Add the chopped onion and garlic, stir and cook for another 2 minutes. Pour the water or broth over the rice, add the salt and lime juice, and once it comes to a boil, reduce the heat to low, cover with the lid, and cook for about 20 minutes.
The rice is ready when the water has been absorbed and the rice is tender and cooked. Turn off the heat and keep it covered for at least 5 minutes. Fluff with a fork and serve.
RABO DE MESTIZA: POACHED EGGS IN A TOMATO AND POBLANO RAJAS SAUCE
Huevos Rabo de Mestiza: con Salsa de Jitomate y Rajas de Poblano
Serves 6 to 8
The sauce can be made ahead of time and the dish cooked right before you want to eat it.
2 lbs Roma tomatoes
1 garlic clove
2 bay leaves
3 tbsp corn or safflower oil
1/2 cup white onion, slivered or thinly sliced
3/4 lb poblano chiles, or about 3, charred, sweated, skinned, stemmed, seeded, cut into about 2″ slices (may soak in hot water with 2 tbsp brown sugar or piloncillo to tame heat)
1/4 tsp dried marjoram
1 tsp kosher or sea salt, more or less to taste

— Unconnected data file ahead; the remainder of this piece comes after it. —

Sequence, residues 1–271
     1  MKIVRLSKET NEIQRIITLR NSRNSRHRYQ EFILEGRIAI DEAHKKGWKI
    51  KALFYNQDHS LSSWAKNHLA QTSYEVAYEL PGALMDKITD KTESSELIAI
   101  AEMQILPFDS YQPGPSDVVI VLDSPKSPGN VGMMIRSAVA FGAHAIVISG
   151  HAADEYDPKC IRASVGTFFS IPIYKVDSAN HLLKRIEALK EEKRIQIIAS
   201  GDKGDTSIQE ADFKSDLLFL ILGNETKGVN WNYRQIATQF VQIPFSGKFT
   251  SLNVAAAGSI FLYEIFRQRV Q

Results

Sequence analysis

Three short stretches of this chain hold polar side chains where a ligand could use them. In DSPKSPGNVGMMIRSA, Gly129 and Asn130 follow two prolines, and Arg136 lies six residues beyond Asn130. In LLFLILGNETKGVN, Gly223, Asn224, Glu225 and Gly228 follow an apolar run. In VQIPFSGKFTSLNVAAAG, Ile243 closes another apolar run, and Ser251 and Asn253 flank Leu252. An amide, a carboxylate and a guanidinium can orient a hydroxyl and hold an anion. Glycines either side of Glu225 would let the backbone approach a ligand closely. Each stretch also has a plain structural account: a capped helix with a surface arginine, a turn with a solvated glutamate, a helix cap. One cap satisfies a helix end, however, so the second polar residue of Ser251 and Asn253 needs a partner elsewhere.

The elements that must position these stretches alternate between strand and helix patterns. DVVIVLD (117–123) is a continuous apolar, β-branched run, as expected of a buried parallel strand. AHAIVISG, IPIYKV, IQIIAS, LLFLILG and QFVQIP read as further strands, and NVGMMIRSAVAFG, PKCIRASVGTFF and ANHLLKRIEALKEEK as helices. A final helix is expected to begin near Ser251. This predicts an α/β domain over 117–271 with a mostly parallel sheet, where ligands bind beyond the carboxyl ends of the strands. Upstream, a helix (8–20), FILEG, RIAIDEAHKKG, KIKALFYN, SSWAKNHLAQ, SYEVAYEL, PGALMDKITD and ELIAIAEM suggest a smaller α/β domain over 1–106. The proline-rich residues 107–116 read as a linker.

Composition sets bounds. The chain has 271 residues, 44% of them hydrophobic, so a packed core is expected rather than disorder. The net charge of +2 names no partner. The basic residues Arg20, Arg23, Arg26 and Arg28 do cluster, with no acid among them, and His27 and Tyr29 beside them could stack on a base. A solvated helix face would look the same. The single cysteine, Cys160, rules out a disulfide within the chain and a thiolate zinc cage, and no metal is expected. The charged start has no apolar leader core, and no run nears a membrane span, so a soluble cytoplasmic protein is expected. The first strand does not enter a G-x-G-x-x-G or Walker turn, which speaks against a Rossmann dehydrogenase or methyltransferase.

1 cup queso fresco, crumbled, my substitute for farmers or a mild feta
Corn tortillas or toast, optional
Place the tomatoes along with the garlic and bay leaves in a medium saucepan. Cover with water and bring to a boil over medium-high heat, simmer until thoroughly cooked, about 10 minutes. Place tomatoes, garlic and bay leaves in the blender and puree until smooth.
In a large, heavy bottomed pan set over medium heat, pour in the oil. Once hot, cook the onion, stirring now and then, until soft and translucent, about 4 to 5 minutes. Stir in the poblano rajas and let them cook for 1 or 2 minutes. Pour in the tomato sauce, sprinkle the marjoram, salt and pepper, and let it season and thicken for about 10 to 12 minutes. You can make this sauce ahead of time and refrigerate for up to 4 days.
When ready to make the eggs, reheat the sauce, then lower the heat to medium-low and add the eggs one by one. It is easier if you crack the eggs into a small bowl or cup and slide them into the sauce. Sprinkle a bit of salt on top of each egg and cover the pan with its lid. Let the eggs poach until cooked. I like the yolks, still runny, which takes like 4 to 5 minutes.